Project leadership and situational sensitivity
Project leadership is a journey of continuous adjustments and refinements of actions and behaviours, rather than the mere mastery of a best practise-based set of skills. It has remained one of the most talked about issues in project management, if not contentious. The role of project leadership is critical to the outcome of the projects, not least because of the variety of ways in which it is exercised.
Project leadership is as situational as it is task-oriented. This makes the project leader’s role sensitive, with the added complexity of working within constraints of time, budget, uncertainties, and customer expectations. Consequently, there is no one way to benchmark the effectiveness of a project leader because effectiveness is relative to the demands of the situation. With every project literally different, leadership in projects is about adaptation and being situationally sensitive.
Situational sensitivity is not entirely a new concept. The British-born management behavioralist, William James Reddin (Wikipedia, 2015), was one of the first authors who wrote about it.
Situational sensitivity is one of the traits of leadership. Simply put, it is an understanding of the need (e.g., type, quality, quantity, level of involvement, foresight, etc.) for leadership corresponding to the situation. In a project management context, just an understanding of the need for leadership seems intuitively limiting, unless it is followed by a response to the need and the dynamics of interactions between people, processes, and systems within the project eco-system. Since systems and processes are created by people, people remain the main drivers of situational sensitivity in projects.
While situational sensitivity is akin to leadership, its use in project leadership is not as widespread as one would expect it to be, particularly given that projects are inherently risk-prone and constantly threatened by internal and external uncertainties of all kinds. Some may argue that project leaders exercise a varying degree of situational sensitivity (though not called as such) by regularly identifying risks, putting in place risk response strategies, and monitoring the occurrence of risks and the effectiveness of risk response strategies in mitigating the risks. But given the long history of project failures in all types of industries and business segments, there seems to be a need for self-introspection on the relationship between project failures and leadership.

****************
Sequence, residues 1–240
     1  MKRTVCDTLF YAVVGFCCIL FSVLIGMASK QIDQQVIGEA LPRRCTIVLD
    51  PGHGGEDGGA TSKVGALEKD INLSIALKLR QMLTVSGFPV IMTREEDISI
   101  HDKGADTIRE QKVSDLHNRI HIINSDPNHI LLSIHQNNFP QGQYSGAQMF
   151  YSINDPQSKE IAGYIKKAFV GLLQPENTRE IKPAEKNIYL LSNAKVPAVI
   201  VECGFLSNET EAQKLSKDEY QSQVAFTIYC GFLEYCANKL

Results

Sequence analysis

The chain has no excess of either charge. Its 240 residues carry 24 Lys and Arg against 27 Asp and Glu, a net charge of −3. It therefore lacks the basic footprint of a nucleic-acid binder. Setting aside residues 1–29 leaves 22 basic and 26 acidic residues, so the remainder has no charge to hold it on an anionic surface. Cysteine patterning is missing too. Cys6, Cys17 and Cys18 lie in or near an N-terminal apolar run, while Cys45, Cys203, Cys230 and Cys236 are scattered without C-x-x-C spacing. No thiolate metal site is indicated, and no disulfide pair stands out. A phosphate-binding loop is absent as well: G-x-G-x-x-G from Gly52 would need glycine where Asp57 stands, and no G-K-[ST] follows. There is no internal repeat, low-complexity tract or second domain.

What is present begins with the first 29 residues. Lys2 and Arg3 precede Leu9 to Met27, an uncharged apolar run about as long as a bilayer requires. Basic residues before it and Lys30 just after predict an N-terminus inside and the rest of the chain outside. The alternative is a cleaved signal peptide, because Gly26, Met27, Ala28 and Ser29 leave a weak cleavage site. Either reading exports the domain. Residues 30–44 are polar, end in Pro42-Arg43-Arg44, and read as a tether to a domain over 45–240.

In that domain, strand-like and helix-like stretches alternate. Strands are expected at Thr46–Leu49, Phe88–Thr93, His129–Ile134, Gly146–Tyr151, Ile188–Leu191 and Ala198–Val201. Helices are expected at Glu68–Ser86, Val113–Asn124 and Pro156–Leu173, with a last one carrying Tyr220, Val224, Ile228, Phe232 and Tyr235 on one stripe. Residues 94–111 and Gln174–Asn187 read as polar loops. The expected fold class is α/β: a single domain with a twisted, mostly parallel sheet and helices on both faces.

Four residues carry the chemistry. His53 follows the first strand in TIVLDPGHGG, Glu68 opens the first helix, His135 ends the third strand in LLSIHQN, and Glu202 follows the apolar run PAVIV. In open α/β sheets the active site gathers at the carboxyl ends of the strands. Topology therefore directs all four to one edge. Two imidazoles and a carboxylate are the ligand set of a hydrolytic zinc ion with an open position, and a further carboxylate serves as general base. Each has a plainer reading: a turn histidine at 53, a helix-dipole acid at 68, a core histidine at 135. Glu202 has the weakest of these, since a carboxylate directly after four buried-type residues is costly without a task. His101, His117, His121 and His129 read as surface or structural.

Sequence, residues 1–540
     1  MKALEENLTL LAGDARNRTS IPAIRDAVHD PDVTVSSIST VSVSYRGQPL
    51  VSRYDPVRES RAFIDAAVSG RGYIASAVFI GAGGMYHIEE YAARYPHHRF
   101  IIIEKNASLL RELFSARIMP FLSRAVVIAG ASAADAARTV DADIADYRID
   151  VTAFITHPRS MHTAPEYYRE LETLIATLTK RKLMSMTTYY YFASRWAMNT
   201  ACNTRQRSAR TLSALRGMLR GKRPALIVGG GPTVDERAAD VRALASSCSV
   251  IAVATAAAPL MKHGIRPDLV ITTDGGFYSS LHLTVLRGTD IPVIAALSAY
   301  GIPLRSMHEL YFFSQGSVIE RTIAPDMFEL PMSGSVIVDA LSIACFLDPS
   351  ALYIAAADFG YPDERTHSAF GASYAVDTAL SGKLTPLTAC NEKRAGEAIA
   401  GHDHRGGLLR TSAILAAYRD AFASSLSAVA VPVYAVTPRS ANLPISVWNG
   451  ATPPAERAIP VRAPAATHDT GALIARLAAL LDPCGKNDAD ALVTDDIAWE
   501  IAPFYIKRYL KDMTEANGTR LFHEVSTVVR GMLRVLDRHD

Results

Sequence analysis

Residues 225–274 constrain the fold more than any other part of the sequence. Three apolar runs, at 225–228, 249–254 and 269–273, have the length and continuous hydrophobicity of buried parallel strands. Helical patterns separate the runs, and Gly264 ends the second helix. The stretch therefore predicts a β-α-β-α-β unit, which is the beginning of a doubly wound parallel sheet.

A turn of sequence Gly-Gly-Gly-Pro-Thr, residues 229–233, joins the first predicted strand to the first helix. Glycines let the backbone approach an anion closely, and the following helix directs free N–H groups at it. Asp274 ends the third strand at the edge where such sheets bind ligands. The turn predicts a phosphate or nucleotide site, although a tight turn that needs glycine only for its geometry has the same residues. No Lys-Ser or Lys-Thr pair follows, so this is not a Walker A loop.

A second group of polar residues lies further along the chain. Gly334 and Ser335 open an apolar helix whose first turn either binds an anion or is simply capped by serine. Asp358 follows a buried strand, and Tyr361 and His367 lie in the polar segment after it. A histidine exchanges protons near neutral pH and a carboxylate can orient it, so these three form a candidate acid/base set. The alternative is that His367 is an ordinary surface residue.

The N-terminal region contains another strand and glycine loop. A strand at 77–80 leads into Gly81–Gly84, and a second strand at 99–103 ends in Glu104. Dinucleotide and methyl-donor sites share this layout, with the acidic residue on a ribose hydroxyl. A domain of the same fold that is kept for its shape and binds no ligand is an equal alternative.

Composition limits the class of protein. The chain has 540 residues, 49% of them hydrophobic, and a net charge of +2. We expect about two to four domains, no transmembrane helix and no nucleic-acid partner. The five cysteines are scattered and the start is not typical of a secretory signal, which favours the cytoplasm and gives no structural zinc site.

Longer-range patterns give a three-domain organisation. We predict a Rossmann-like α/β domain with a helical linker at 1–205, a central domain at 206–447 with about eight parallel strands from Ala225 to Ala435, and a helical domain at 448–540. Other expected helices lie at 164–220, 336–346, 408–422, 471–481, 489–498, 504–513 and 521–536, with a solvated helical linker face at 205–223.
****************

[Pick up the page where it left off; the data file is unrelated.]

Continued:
Project leadership through situational sensitivity requires tactful handling of multiple elements and parameters within the project ecosystem through a cocktail of diplomacy, objectivity and fairness, empathy, sound judgement, decision-making, and standing ground when needed.
With projects becoming increasingly complex, the skills set needed by future project managers has emerged as an important area of research, and an understanding of how to deal with situational sensitivity effectively is part of these trends. While possessing the desired skill set or an understanding of how to exercise situational sensitivity in projects is not an antidote to project failures, these skills can certainly help in avoiding major pitfalls in project management.
Noble Prize Laureate George Bernard Shaw (1856-1950) said “The reasonable man adapts himself to the world; the unreasonable one persists in trying to adapt the world to himself. Therefore, all progress depends on the unreasonable man.”
Without going into the debate on the merits of the role a project manager should play, certainly, these words epitomise the approach needed for project leadership through situational sensitivity for improved project outcomes.
Wikipedia 2015, https://en.wikipedia.org/wiki/William_James_Reddin
Acknowledgement: A longer version of this article was previously published on projectmanagement.com
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